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Raul Peralta-Meza received the B.Sc. degree in Electronic Engineering from San Agustin National University in Arequipa, Peru, in 1993. He obtained a M.Sc. degree in Computer Science at the Pontifical Catholic University of Peru in 2000 and a M.Sc. degree in Computer Engineering from The University of New Mexico in 2007. Currently, he is a full-time instructor in the Department of Engineering at Northern New Mexico College, Espanola, New Mexico.

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David Torres Northern New Mexico College

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Dr. David Torres is an Associate Professor of Mathematics at Northern New Mexico College. His research interests include computational fluid dynamics, parallel programming and numerical algorithms.

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Abstract

Enhancing Computational Thinking Skills for New Mexico SchoolsComputational  Thinking is  a  term  to  group  skills for the utilization of computers as problemsolving  tools  that  improves  college  readiness  and  increases  K­12  students’  likelihood  ofattending  and  graduating  from  college.  It  differentiates from Digital  Literacy  (or ComputerLiteracy)  where  a person acquires  skills for using the computer for everyday use. Statisticsabout  the  percentage  of  bachelor’s  degrees  in  computer  science/engineering  earned  inthe  United  States during  the last twenty years shows that less than 20 percent of graduatesaccount  for underrepresented  minorities  which  place this population in great disadvantagewith  other  ethnic  groups.  Given  that  New  Mexico  is  a  state  with  high  percentage  ofunderrepresented  minorities, the Department of Engineering through the support of GoogleInc.  and  the  National  Science  Foundation  has  organized  and  developed  ComputationalThinking  (CT)  workshops  and activities  for K­12  teachers and  pre­service teachers duringthe  last  two  years  as an approach to increase the awareness of Computer Science amongK­12  students  in  New  Mexico. The  curriculum  developed  in the workshops  have  providedteachers  and  pre­service  teachers  a  variety  of  tools  to  incorporate  and  enhance  theirclasses  in  K­12  schools  through  the  utilization  of  computational  thinking  activities.  Theapproach utilized for  the  workshops has not  only  enhanced CT skills but also has providedideas  to  develop  lesson  plans  and  activities  for the  Common  Core State  Standards.  Thepresent  paper presents a summary of the activities developed for the workshops  as well asresults  that  the  participants  have  shared  on  the  utilization  of  the  acquired  skills  in  theirclassrooms.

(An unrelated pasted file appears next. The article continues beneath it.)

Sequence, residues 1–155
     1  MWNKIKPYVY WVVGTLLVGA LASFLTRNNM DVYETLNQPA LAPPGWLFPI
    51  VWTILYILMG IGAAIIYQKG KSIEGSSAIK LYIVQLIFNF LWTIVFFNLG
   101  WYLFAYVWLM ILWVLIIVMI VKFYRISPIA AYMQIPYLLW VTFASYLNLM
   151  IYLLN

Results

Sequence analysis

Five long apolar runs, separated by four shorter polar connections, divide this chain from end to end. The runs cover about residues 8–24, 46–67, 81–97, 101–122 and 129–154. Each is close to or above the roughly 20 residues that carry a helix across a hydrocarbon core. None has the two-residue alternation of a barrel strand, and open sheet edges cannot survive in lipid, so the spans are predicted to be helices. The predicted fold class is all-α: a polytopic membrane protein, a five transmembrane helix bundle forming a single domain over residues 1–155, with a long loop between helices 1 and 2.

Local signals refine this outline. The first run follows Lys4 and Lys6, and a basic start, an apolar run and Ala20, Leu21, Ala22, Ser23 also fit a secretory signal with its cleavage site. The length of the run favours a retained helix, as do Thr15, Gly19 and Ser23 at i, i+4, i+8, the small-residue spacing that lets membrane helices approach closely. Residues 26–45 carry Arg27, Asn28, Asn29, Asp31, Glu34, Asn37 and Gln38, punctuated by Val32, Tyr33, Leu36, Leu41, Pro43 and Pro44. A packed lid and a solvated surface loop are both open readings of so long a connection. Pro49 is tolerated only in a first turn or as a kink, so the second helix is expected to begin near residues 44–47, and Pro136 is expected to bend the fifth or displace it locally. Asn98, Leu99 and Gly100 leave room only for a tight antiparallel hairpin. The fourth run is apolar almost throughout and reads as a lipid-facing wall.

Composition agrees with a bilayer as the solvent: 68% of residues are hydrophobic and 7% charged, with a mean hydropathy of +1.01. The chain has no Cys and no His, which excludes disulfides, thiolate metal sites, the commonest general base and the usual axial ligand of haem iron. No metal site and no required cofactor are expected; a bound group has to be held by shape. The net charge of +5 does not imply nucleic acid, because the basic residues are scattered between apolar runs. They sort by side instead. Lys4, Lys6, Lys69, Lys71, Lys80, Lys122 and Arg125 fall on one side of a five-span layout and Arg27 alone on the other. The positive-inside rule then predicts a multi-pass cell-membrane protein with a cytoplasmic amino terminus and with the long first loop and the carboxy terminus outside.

Perez, A. J., & Lopez Hurtado, I., & Crichigno, J., & Peralta, R. R., & Torres, D. (2014, June), Enhancing Computational Thinking Skills for New Mexico Schools Paper presented at 2014 ASEE Annual Conference & Exposition, Indianapolis, Indiana. https://peer.asee.org/20413